For many of the interviewees, the journey they made into the prison, to be photographed as part of this book, was the first time they had returned to Pentridge since being released or retiring up to 60 years before.
The subjects are shown here in the order they appear in the book.
Brian Morley spent less than three hours in Pentridge. Those hours had a profound and lasting effect on him. As a young reporter and news editor in 1967, he was given a big story to cover — Ronald Ryan’s hanging. Brian was excited to be one of eleven witnesses who would stand before the gallows in D Division, and watch as the execution was carried out a few feet away.
On 3 February 1967, Brian stood before those gallows as Ryan was guided out of the condemned cell to the trapdoor. A hood was lowered over his face, a noose put around his neck, and the hangman threw open the trap. The wooden doors crashed back against their iron stops, and Brian was left with a deep trauma. He says it will be with him until the end.
Brian has campaigned against capital punishment since the moment he left Pentridge in 1967. He continues to argue that it’s a futile and barbaric act, and hopes to see it abolished globally.
He returned to D Division, as part of this book, for the first time since 1967.
In 1951, at age 17, Noel found himself in a Pentridge cell awaiting trial for the ‘Abominable act of buggery’, having been arrested at the home of female impersonator Max Du Barry. As a boy, Noel sold newspapers, and his body, on the city’s dark streets. With spare pennies, he would sit in grand picture palaces, and watch the glistening silver screen. He saw the handsome stars, and wanted to be in their shoes.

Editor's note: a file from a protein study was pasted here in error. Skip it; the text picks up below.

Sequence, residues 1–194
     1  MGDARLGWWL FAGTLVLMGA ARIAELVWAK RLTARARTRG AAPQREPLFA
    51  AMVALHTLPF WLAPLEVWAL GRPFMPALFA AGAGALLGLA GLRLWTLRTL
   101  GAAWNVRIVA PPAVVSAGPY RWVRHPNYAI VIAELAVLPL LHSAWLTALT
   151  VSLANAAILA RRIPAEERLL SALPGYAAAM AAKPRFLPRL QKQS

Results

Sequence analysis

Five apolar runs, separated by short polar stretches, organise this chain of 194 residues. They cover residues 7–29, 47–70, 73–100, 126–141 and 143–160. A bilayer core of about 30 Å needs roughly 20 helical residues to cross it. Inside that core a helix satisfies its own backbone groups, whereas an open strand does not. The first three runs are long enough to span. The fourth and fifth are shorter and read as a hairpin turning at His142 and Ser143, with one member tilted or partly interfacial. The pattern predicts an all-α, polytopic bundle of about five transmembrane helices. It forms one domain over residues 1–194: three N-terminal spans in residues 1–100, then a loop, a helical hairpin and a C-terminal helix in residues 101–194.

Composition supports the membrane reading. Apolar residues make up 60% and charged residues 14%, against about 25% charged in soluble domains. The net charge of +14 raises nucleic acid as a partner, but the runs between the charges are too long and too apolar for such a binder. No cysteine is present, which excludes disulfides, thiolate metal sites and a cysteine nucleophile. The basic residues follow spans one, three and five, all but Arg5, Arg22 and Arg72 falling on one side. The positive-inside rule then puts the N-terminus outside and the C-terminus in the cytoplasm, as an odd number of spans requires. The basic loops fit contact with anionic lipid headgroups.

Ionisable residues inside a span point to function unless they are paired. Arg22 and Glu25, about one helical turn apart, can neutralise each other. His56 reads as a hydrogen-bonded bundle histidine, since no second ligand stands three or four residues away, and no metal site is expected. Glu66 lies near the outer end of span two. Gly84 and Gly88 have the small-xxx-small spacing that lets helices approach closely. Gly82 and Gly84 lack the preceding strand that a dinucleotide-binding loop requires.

One evening at Pentridge, a guard casually unlocked Noel’s cell door, raped him, and left. Along with hope, his boyish dreams of the silver screen must have receded into the blackness. He lost himself in misery, and tried to end his life, but was pulled back from the brink by the voices of his ancestors, who promised a better life.
After 40 years, Noel returned to Australia in 1990, and began a reconciliation with his home and his past. Today, he is a recognised figure in the arts world and a Ngarrindjeri elder. His second autobiography And Then I Found Me, was published in 2017.
He returned to Pentridge, as part of this book, for the first time since being released.
Billy Longley, also know as The Texan for his habit of carrying a six-shooter, was a hard-nosed survivor of the bloody Painters and Dockers war of the 1970s. He grew up in Depression-era Melbourne, and calls it the hardest time of his life.
In 1975, he was convicted of ordering the murder of a union official, and was sentenced to life. Pentridge was home for around a decade. He spent five years in H Division during one of its most bloody eras.
Billy would readily say there were things he’d have done differently, if he could. He often gave advice: ‘Don’t make a move without the numbers.’ ‘Always appreciate your mother.’ And, ‘Never trust an automatic.’
Billy died in Melbourne in 2014 and made his last trip to Pentridge as part of this book.